In this article Learn about : Brick earth composition,{ clay(alumina), silt, sand}, functions of brick constituent (silica or sand, alumina, lime, magnesia, oxide of iron), harmful ingredients of brick  (lime, iron pyrites,Pebbles of stone and gravel etc, Alkalies, Reh or Kallar) 


Bricks earth composition,functions of constituent,harmful ingredients of bricks


A good brick-earth should be such that when prepared with water it can be easily moulded, dried and burnt with out cracking or warping. It should contain a small quantity of finely divided lime to help in binding the particles of brick together by melting the particles of sand. A little oxide of iron should also be present which would give the brick its peculiar red colour and act in the same manner as lime.



A good brick earth should preferably conform to the following composition :

Clay (Alumina)         20 to 30 per cent by weight

Silt                              20 to 35 per cent by weight

Sand                           35 to 50 per cent by weight

The total content of clay and silt should not as far as possible be less than 50% by weight.

functions of brick constituent

(i) Silica or Sand.

It is present either free as sand or in combination as silicate of alumina. Silica is in fusible except at very high temperatures but in the presence of alumina in nearly equal proportions and the oxide of iron to fuses at lower temperatures. Unlike silicate of alumina its presence in clay produces hardness, resistance to heat, durability and prevents shrinkage and warping. Excess of it makes the brick brittle.

(ii)       Alumina.

It is a tenacious finely-grained mineral compound present in brick-earth. It is plastic, when wet, and in capable of being molded to any shape. On drying it loses its plasticity and becomes hard, shrinks, warps and cracks. Burning causes the fusion of its constituents thereby making it homogeneous, harder and stronger.

(iii)     Lime.

When present in small quantities in finely divided state it reduces shrinkage of bricks and acts as a flux causing silica to melt. It results in binding the particles of brick together resulting in greater strength of brick. Excess of lime causes the brick to melt and lose its shape.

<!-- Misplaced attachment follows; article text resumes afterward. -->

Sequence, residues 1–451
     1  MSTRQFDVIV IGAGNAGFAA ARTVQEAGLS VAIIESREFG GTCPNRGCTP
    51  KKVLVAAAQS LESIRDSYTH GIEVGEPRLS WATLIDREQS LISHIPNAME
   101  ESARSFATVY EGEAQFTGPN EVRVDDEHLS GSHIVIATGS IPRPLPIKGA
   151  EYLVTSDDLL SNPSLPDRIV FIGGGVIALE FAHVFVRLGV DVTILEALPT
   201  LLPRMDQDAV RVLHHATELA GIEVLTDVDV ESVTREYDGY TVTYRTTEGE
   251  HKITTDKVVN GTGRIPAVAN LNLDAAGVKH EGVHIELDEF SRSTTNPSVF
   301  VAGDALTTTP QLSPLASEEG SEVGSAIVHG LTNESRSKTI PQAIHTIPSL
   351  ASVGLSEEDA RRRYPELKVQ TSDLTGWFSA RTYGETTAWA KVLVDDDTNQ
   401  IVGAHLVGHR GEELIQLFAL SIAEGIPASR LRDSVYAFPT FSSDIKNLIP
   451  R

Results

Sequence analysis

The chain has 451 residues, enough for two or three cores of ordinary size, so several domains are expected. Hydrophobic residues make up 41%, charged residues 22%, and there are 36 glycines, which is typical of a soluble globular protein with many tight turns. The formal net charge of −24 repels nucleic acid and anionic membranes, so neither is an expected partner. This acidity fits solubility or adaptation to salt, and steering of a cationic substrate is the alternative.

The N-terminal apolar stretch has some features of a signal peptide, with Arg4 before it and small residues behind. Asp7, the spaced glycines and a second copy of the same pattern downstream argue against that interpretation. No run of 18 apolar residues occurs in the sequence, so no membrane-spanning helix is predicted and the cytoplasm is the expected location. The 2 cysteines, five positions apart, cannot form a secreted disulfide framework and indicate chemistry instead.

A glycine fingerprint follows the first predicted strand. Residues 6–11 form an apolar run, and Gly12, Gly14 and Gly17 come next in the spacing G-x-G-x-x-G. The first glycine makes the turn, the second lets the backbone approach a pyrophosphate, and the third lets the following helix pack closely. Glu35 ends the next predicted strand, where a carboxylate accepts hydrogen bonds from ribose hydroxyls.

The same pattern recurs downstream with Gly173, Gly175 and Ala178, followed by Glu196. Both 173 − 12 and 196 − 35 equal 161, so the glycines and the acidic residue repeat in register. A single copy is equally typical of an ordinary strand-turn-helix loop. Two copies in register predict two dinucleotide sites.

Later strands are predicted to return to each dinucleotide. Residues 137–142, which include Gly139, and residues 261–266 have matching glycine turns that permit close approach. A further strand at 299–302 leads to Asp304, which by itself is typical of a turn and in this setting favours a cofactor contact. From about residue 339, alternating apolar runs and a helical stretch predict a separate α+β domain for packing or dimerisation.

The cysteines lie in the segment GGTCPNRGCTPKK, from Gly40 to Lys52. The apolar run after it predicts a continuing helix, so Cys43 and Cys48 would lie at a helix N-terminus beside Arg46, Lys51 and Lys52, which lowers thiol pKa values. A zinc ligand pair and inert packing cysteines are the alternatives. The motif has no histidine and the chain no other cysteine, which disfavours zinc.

(iv)      Magnesia.

In the presence of iron it gives a yellowish tint to the bricks. It should not be present in excess. However, the presence of small quantity of manganese with iron will give the brick darker or even black colour. Total lime and magnesia in case of alluvial soil shall not be more than one per cent and in other cases it will preferably not exceed 15 per cent.

(v)       Oxide of iron.

In the presence of silica and alumina, it helps the fusion of brick particle. Also it influences the colour of bricks. It produces a tint varying from light yellow to red depending upon the percentage of iron present in clay. Excess of it makes the colour dark blue. It should not be present in the form of iron pyrites.

Harmful ingredients.

(i) Lime.

If present in excess it melts the brick particles as a result of which the brick loses shape. Lime should also be not present in brick-earth in the form of lime stone or kankar modules. On the burning of bricks, these get converted to quickline which expands on absorption of moisture and causes the cracking and disintegration of bricks.

(ii)       Iron pyrites.

Iron pyrites get oxidized in the brick, crystallize and split the brick to pieces. These should be carefully removed from brick-earth.

(iii)     Pebbles of stone and gravel etc.

Their presence makes it difficult to mix the brick-earth thoroughly as a result of which the bricks are not homogeneous. It gives weak and porous bricks. Also such bricks cannot be readily cut or worked.

(iv)      Alkalies.

Their excessive presence in earth renders it unsuitable for bricks. These act as flux causing the bricks to melt, twist and warp. Presence of common salt in earth taken from seashores or from near salt formations has similar effects to those narrated above and also make the bricks hygroscopic thereby causing efflorescence.

(v)       Reh or Kallar.

It is the sulphate of soda mixed with a little carbonate of soda and common salt. Its presence in brick earth prevents bricks from being properly burnt. After the bricks have been burnt these salts recrystallize and appear as irregular and unsightly white patches on the surface of bricks. They cause the plaster and the surface of bricks to peel-off layer by layer and to ultimately crumble away. Presence of reh or kallar in soil could be easily detected by the presence of efflorescence on the sides of fresh excavation, if the soil is moist.